Utility Systems Repairer Operator

Keep heating, cooling, electrical, and drainage networks up and running.

Quick Stats

Salary Range
$26,000 – $70,000

Data from U.S. Department of Labor

What do Utility Systems Repairer Operators do?

A Utility Systems Repairer Operator is like a Lion Tamer, coercing buildings into behaving by coddling their utility systems, including their air-conditioning, heating, water, sewage, and electricity systems. After all, although they’re man-made, buildings often have minds of their own. Like wild animals, they’re unpredictable, prone to fits of rebellion that manifest themselves in the form of disrepair and malfunction. Taming them often requires going into the belly of the beast — which in a building is typically its utilities.

As a Utility Systems Repairer Operator, you’re employed most often by universities, governments, and the military, all of which have large and complex networks of buildings that require coordinated and integrated maintenance. You’re a facilities expert who’s tasked, as your title suggests, with both operating and repairing said systems.

To that end, your common duties as a Utility Systems Repairer Operator include installing new utility systems, and performing checks, tests, adjustments, and troubleshooting tasks to determine the repair needs for and performance of existing utility systems. You also clean and maintain mechanical equipment, and respond to and investigate tenant and occupant complaints. In addition, you develop standard procedures in areas such as inspections, preventative maintenance, safety, training, procurement, inventory management, and process improvement.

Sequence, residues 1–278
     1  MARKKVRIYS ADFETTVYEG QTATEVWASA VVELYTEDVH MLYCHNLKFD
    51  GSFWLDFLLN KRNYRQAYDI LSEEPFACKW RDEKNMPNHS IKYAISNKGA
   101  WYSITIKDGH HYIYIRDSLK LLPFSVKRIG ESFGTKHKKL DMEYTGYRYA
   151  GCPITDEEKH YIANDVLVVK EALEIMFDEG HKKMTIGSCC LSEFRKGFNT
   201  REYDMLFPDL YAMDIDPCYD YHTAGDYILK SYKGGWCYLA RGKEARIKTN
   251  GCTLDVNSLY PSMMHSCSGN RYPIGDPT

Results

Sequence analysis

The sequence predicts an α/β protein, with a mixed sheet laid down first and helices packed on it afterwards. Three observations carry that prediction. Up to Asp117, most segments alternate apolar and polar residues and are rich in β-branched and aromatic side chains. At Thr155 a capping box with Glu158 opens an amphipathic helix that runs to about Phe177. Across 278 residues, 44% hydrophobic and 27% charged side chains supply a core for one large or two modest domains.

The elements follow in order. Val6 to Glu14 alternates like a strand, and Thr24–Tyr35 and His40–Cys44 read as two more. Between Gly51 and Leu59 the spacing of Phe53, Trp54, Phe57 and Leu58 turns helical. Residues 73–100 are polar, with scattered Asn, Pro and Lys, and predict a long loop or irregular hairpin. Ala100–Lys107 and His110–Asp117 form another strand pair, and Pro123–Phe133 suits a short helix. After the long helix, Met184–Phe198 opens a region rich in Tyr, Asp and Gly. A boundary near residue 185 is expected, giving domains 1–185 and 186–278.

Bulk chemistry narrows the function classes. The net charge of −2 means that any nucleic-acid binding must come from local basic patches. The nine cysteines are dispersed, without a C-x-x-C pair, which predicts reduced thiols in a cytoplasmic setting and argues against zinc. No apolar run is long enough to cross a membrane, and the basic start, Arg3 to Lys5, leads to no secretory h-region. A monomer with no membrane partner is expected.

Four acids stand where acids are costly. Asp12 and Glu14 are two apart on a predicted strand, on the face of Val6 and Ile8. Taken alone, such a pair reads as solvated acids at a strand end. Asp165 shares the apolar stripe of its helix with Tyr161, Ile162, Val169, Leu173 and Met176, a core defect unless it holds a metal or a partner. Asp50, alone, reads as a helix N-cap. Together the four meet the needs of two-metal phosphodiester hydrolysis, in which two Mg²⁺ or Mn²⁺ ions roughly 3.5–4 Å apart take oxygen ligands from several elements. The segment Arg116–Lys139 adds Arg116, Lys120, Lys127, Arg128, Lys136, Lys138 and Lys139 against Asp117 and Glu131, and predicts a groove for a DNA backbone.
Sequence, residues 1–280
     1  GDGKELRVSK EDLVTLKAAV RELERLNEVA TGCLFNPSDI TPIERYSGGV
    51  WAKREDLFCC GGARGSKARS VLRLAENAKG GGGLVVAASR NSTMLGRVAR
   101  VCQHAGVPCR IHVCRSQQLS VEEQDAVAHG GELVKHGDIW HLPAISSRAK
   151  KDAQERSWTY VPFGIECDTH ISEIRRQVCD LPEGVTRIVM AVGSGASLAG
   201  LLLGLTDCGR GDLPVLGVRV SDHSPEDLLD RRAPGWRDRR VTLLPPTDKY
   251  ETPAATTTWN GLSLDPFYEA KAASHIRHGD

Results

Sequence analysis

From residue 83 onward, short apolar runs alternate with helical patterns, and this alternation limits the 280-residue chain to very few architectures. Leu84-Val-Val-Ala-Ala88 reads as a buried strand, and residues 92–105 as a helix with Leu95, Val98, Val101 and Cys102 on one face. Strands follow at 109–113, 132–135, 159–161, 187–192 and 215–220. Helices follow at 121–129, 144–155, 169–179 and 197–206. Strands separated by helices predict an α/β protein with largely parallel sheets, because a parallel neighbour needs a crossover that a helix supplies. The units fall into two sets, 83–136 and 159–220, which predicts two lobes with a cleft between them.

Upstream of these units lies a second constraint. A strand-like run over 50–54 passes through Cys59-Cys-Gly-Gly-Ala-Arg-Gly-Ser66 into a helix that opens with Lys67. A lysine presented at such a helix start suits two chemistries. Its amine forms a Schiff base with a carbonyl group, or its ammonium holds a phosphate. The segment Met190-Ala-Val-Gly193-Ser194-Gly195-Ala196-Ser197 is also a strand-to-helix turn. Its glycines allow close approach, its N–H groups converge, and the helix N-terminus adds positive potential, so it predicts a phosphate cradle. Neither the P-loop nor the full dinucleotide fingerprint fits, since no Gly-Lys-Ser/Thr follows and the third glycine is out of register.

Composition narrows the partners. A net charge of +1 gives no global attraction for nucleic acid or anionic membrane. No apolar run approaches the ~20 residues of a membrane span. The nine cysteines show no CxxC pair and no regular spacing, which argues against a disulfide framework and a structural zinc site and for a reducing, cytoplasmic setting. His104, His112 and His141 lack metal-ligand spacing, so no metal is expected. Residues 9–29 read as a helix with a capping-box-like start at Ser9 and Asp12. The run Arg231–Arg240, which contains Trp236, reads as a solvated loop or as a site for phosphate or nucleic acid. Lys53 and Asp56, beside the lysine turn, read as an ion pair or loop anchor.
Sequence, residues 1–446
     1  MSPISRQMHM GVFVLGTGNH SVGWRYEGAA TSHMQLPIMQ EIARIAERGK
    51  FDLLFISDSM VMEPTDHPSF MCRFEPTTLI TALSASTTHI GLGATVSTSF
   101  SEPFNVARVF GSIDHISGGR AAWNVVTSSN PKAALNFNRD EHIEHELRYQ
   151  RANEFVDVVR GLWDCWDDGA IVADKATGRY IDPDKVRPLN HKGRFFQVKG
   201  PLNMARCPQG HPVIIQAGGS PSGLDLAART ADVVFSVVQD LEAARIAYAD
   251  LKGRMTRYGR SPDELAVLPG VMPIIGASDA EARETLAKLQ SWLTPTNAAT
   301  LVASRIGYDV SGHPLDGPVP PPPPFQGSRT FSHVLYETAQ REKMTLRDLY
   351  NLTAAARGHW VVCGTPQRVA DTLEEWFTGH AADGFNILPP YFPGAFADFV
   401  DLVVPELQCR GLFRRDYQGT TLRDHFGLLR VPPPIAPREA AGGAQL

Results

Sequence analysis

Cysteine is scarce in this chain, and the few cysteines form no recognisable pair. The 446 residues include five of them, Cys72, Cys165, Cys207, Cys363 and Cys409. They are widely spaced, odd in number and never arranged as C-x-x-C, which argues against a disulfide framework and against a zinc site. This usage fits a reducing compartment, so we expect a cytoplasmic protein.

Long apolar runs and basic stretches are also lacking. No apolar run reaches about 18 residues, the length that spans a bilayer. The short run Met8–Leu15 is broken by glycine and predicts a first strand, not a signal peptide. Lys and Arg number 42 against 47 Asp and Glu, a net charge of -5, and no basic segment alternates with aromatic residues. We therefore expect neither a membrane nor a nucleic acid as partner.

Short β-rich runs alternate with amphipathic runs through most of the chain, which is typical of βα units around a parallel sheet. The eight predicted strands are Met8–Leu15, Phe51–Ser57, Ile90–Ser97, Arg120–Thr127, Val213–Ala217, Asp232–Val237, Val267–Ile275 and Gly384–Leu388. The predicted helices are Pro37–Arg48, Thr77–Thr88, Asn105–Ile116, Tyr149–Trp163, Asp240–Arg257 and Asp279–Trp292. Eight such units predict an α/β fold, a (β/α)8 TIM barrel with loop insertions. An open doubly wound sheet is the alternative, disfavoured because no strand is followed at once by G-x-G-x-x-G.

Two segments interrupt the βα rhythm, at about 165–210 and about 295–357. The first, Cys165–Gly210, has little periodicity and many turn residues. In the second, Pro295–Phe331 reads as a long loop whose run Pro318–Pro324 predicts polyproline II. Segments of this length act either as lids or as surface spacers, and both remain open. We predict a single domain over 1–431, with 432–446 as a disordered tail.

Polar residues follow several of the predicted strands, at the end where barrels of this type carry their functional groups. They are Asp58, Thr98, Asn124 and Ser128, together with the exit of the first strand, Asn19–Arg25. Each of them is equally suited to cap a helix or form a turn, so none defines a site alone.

Although you often serve tenants by overseeing the utility systems within buildings, you might also be hired to serve citizens by overseeing public utility systems and infrastructure, which deliver power and water to entire communities instead of individual facilities.

Either way, you’re basically several maintenance professionals — for example, an Air Conditioning Technician, a Heating-Equipment Repairer, a Water Treatment Plant Operator, and an Electrical Worker — all rolled into one!

Should I be an Utility Systems Repairer Operator?

You should have a high school degree or higher and share these traits:
  • Flexible: You're open to change and think variety is the spice of life.
  • Detail Oriented: You pay close attention to all the little details.
  • Team Player: You're able to listen, communicate, and work with tons of different people.

  • Also known as: Fuel Distribution System Operator, Pipeline Systems Operator

    How to Become an
    Utility Systems Repairer Operator

    Most Utility Systems Repairer Operators have no higher education and get on-the-job training. Think about earning a Certificate or Associate's degree to increase your competitiveness in the field. Chart?chd=s:9chaaa&chl=no+college+%2887%25%29|certificate+%283%25%29|associate%27s+%2810%25%29|||&cht=p3&chs=466x180&chxr=0,87,87
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